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. 2011 May 24;21(10):883-8.
doi: 10.1016/j.cub.2011.03.070. Epub 2011 May 5.

TRPM Channels Modulate Epileptic-Like Convulsions via Systemic Ion Homeostasis

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Free PMC article

TRPM Channels Modulate Epileptic-Like Convulsions via Systemic Ion Homeostasis

Tamara M Stawicki et al. Curr Biol. .
Free PMC article

Abstract

Neuronal networks operate over a wide range of activity levels, with both neuronal and nonneuronal cells contributing to the balance of excitation and inhibition. Activity imbalance within neuronal networks underlies many neurological diseases, such as epilepsy. The Caenorhabditis elegans locomotor circuit operates via coordinated activity of cholinergic excitatory and GABAergic inhibitory transmission. We have previously shown that a gain-of-function mutation in a neuronal acetylcholine receptor, acr-2(gf), causes an epileptic-like convulsion behavior. Here we report that the behavioral and physiological effects of acr-2(gf) require the activity of the TRPM channel GTL-2 in nonneuronal tissues. Loss of gtl-2 function does not affect baseline synaptic transmission but can compensate for the excitation-inhibition imbalance caused by acr-2(gf). The compensatory effects of removing gtl-2 are counterbalanced by another TRPM channel, GTL-1, and can be recapitulated by acute treatment with divalent cation chelators, including those specific for Zn(2+). Together, these data reveal an important role for ion homeostasis in the balance of neuronal network activity and a novel function of nonneuronal TRPM channels in the fine-tuning of this network activity.

Figures

Figure 1
Figure 1. gtl-2 acts in non-neuronal tissues to modulate acr-2(gf) convulsions
(A) Images of wild type, acr-2(gf) and gtl-2(lf);acr-2(gf) locomotion. (B) Quantification of convulsion frequency in mutants of genotype as indicated. **, p<0.01, compared to acr-2(gf), ANOVA and Dunnett’s post hoc test. (C) Transgenic rescue of the suppression activities in gtl-2(0);acr-2(gf) and gtl-2(lf);acr-2(gf). ***, p<0.001, ANOVA and Bonferroni post hoc test. (D) Confocal image of anti-GFP immunostaining of GTL-2::GFP in an adult shows expression in the excretory cell (arrowhead) and epidermis (arrow). (E) Confocal image of anti-GFP immunostaining of GTL-2::GFP in a L4 larva expressing Pdpy-7:gtl-2cDNA::gfp. (F) Cell specific rescue of gtl-2 shows requirement in epidermis and excretory cell. Cell types are as follows: Pdpy-30 – all cells, Prgef-1 – pan-neuronal, Pmyo-3 – body muscles, Psulp-4 – excretory cell, and Pdpy-7 – epidermis. **, p<0.01, compared to gtl-2(lf);acr-2(gf), ANOVA and Dunnett’s post hoc test.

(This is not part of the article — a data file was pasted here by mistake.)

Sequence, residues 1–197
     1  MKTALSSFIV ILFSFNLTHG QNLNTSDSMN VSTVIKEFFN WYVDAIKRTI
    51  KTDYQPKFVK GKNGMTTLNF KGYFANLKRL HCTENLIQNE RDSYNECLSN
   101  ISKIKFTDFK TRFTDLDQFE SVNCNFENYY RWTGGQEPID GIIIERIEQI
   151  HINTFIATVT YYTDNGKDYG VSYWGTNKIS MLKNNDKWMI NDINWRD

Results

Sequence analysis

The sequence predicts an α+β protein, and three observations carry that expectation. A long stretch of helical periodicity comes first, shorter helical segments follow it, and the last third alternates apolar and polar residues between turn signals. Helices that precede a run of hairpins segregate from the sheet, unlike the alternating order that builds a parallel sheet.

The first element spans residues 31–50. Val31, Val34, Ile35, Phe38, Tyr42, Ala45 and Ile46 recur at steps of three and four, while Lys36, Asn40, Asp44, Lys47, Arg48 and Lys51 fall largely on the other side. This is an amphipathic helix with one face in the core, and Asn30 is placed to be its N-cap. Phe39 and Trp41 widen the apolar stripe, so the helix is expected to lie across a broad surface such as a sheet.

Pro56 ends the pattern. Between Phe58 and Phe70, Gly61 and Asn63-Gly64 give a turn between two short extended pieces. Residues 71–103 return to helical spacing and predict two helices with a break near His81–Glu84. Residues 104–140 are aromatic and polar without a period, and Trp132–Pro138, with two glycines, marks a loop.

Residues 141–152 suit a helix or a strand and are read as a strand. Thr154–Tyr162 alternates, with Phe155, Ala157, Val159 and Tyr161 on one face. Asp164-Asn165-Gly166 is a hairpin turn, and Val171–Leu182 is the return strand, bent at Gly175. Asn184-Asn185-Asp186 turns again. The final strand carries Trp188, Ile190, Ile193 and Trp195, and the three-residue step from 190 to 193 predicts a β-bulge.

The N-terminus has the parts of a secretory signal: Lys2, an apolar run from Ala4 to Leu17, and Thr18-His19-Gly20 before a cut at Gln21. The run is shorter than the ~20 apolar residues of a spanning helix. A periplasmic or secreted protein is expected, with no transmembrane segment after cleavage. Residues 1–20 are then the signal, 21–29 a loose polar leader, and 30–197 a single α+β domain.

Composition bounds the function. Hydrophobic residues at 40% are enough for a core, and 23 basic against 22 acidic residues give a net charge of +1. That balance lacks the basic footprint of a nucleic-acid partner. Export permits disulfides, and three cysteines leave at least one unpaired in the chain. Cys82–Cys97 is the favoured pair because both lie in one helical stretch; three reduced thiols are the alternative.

Figure 2
Figure 2. Physiology of gtl-2(lf) and its effects on acr-2(gf)
(A) Paralysis response to 500 µM aldicarb in gtl-2(lf) compared to wild type. (B) Representative traces and frequencies of endogenous acetylcholine and GABA postsynaptic currents from wild type (n=25), gtl-2(lf) (n=12), acr-2(gf) (n=14), and gtl-2(lf);acr-2(gf) (n=12) animals in 1 mM external CaCl2 bath solution. Error bars indicate SEM. (C) Paralysis response to 200 µM aldicarb in wild type, acr-2(gf), and gtl-2(0);acr-2(gf) animals. *, p<0.05, compared to acr-2(gf), two-way ANOVA and Bonferroni post hoc tests. (D) Summary of frequencies of endogenous acetylcholine (left) and GABA (right) release in CaCl2 bath solutions of 0.1 mM (wild type (n=14), acr-2(gf) (n=9), and gtl-2(lf);acr-2(gf) (n=10)), 0.5 mM (wild type (n=12), acr-2(gf) (n=14), and gtl-2(lf);acr-2(gf) (n=11)), and 1 mM (wild type (n=25), acr-2(gf) (n=14), and gtl-2(lf);acr-2(gf) (n=12)). Error bars indicate SEM. Statistics in B, D used SigmaStat 3.5 (Aspire Software International): *, p<0.05, ***, p<0.001 by Student’s t-test, or the Mann-Whitney rank sum test for GABA data in 0.5 mM CaCl2 according to the normality of datum distribution for data.
Figure 3
Figure 3. gtl-2 specifically influences the overexcitation phenotype in acr-2(gf), but not of goa-1(lf) mutants with increased cholinergic transmission
(A) Quantification of convulsion frequency in mutants of genotypes indicated. -, no mutation; x, has mutation. ***, p<0.001, compared to gtl-2(lf);acr-2(gf), ANOVA and Bonferroni post hoc test. (B) Images of animals of genotype indicated. gtl-2(lf) does not alter locomotion behavior of goa-1(ep275) animals. (C) Paralysis response to 200 µM aldicarb in animals of genotypes indicated. n=3 trials of 10 animals per genotype.
Figure 4
Figure 4. Ion homeostasis plays a key role in the acr-2(gf) phenotype
(A) Quantification of convulsion frequency of acr-2(gf) and gtl-2(lf);acr-2(gf) with genetic mutations in gon-2 and gtl-1 or treated with gtl-1 RNAi to reduce the function of different TRPM channels. *** = p<0.001, ANOVA and Bonferroni post hoc test. (B) Images of acr-2(gf) animals soaked in either M9 (control), EDTA or TPEN. (C) Convulsion frequency of acr-2(gf) and gtl-2(lf);acr-2(gf) soaked in the cation chelators EDTA (75 mM), EGTA (75 mM), DTPA (75mM), and TPEN (100 µM). Statistics in A, C, *** = p<0.001, ANOVA and Bonferroni post hoc test. (D) Model of the regulation of locomotor circuit by ion homeostasis and the three TRPM channels. GON-2 and GTL-1 act in the intestine (I) to allow divalent cation influx, whereas GTL-2 acts in the excretory cell (EC) for cation efflux [9](and this study). Neuronal activity (MN) likely influences local cation levels (dark blue oval). Our data suggest that both the systemic cation fluctuations due to the function of the three TRPM channels as well as local ion fluctuations involving GTL-2 in the epidermis (E) modulate the excitability of the locomotor circuit, hence contractions of muscles (M).

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